Borland’s ghostly tribute to WWI
A major, though-provoking sculpture by Turner nominee Christine Borland to mark the end of the First World War was unveiled at Kelvingrove Art Gallery and Museum in Glasgow today.
I Say Nothing is a response to the Great War but also to the First World War collection held by Glasgow Museums, which co-commissioned the piece with 14-18 NOW and supported by the Art Fund.
The piece focuses on the historical use of feeder cups, both for wounded soldiers and to force feed hunger-striking Suffragettes, and is the result of a year’s research residency at the museum. It confronts the contradictions of care and brutality, the Scottish artist said, and the final structure was helped by trips to the battlefields of Flanders and other collections.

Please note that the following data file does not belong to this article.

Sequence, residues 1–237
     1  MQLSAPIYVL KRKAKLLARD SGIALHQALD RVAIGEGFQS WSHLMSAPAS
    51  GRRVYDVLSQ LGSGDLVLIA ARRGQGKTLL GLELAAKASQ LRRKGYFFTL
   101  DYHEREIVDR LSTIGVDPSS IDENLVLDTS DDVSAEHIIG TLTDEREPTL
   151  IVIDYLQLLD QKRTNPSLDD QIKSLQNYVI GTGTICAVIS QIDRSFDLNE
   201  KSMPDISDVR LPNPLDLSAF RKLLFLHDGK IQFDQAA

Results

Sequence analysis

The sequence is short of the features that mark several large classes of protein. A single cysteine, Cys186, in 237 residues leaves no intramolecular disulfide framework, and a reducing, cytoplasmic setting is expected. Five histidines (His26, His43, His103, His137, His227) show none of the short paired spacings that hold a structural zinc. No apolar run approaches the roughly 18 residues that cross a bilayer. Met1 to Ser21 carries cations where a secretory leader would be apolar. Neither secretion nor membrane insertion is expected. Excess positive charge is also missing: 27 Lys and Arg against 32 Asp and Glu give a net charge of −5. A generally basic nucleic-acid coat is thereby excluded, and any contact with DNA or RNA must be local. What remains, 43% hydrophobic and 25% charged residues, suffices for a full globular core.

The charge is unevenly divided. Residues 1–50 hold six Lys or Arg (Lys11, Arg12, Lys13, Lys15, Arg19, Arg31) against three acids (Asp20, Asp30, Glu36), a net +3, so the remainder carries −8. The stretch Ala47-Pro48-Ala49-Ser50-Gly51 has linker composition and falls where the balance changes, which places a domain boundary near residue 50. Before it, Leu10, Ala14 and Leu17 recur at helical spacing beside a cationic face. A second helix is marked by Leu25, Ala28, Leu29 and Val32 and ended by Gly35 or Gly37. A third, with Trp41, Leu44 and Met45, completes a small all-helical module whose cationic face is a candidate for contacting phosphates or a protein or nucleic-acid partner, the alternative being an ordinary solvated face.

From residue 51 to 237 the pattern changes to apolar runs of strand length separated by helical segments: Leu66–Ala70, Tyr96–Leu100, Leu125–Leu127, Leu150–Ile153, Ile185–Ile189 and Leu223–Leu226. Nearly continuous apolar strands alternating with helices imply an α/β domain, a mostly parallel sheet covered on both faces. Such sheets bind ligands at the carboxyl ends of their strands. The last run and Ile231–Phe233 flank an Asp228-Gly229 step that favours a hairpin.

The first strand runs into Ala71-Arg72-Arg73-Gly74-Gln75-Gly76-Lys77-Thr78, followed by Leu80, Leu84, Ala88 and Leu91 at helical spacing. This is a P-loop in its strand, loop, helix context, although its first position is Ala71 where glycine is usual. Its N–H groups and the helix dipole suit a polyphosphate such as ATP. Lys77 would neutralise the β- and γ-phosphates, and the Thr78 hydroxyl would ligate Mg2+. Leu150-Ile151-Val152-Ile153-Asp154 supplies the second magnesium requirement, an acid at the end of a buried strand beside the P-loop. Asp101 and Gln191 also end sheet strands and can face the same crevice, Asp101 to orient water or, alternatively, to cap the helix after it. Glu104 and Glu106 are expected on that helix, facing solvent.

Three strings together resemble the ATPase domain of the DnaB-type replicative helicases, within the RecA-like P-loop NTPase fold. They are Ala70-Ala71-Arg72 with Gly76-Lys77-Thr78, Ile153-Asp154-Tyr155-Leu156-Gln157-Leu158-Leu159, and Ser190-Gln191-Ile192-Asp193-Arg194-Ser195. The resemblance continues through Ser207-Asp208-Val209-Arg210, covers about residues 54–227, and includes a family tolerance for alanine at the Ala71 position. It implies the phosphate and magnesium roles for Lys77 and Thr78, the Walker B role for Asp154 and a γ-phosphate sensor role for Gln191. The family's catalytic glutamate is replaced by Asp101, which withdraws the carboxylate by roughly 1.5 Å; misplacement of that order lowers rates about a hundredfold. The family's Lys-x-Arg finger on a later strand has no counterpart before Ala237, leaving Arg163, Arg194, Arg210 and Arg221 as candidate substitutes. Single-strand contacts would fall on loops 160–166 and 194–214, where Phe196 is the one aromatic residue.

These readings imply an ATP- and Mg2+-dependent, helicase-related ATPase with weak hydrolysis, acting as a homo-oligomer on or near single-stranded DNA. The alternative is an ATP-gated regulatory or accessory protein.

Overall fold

“Feeder cups like this were widely used to nurse wounded soldiers during World War I, but also, perhaps surprisingly, to force-feed hunger-striking suffragettes in the period directly before 1914 –1918” Borland said. “This duality intrigued me, as did the very tactile form of the cup itself, which is at once so personal and domestic in scale, yet institutional in function.”
And thechair of Glasgow Life, David McDonald, added:“I Say Nothing is a bold, thought-provoking contemporary artwork for Glasgow. It is a striking, powerful addition to the city’s art collection. The contradiction presented by the sculpture is certain to re-ignite interest in our World War I collection and stimulate debate and reflection on the nature and history of conflicts old and new.”